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Strategic ignorance and crises of trust: un-anticipating futures and governing food supply chains in the shadow of Horsegate

Brice, Jeremy, Donaldson, Andrew and Midgley, Jane (2020) Strategic ignorance and crises of trust: un-anticipating futures and governing food supply chains in the shadow of Horsegate. Economy and Society, 49 (4). 619 - 641. ISSN 0308-5147

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Identification Number: 10.1080/03085147.2020.1781387

Abstract

This paper explores how transnational food supply chains are governed and secured through examining the 2013 horsemeat scandal, during which processed beef products were adulterated with horseflesh. Drawing on theories of governmentality and ignorance studies, it argues that the apparent ignorance among food businesses about their supply chains which this event exposed arises in response to a regulatory apparatus which renders businesses responsible for taking precautions only against foreseeable threats to food safety and authenticity. Limiting their knowledge of their supply chains therefore enables food businesses to control their ability to anticipate (and their liability for) crises. This paper highlights the role of strategic ignorance in rendering future events unforeseeable and ungovernable, and in mediating the politics of accountability and responsibility within anticipatory governmental apparatuses.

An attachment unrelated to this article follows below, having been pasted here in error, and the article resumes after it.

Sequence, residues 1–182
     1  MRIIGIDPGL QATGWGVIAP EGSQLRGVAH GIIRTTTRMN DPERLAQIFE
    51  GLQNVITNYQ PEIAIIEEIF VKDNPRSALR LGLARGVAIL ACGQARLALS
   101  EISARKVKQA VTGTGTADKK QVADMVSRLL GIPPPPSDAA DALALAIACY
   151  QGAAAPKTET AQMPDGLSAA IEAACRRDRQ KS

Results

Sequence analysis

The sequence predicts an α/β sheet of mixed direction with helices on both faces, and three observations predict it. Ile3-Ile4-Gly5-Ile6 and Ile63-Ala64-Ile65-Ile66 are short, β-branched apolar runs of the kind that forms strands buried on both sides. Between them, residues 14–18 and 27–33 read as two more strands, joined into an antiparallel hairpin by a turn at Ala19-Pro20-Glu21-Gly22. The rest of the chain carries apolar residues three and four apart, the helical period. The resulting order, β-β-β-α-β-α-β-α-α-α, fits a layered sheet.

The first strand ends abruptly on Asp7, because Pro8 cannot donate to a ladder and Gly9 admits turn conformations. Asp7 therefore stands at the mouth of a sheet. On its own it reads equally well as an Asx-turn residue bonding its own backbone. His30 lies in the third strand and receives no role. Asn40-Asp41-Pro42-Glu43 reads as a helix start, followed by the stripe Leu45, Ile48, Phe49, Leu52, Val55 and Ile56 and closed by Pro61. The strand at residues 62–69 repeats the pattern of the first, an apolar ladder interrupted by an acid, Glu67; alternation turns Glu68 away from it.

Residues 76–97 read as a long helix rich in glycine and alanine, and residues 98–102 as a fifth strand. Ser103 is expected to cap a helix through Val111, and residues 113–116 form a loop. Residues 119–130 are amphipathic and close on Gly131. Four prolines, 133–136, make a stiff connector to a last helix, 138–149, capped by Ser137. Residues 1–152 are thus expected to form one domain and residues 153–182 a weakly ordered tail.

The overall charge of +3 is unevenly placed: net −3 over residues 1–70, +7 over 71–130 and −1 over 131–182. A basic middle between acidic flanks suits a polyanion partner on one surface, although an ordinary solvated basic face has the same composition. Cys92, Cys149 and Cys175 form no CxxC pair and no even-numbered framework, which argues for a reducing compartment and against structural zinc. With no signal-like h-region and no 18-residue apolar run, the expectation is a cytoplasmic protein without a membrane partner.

Item Type: Article
Official URL: https://www.tandfonline.com/toc/reso20/current
Additional Information: © 2020 Informa UK Limited, trading as Taylor & Francis Group
Divisions: Sociology
Subjects: H Social Sciences > HD Industries. Land use. Labor
Date Deposited: 10 Aug 2020 13:00
Last Modified: 20 Sep 2021 03:18
URI: http://eprints.lse.ac.uk/id/eprint/106122

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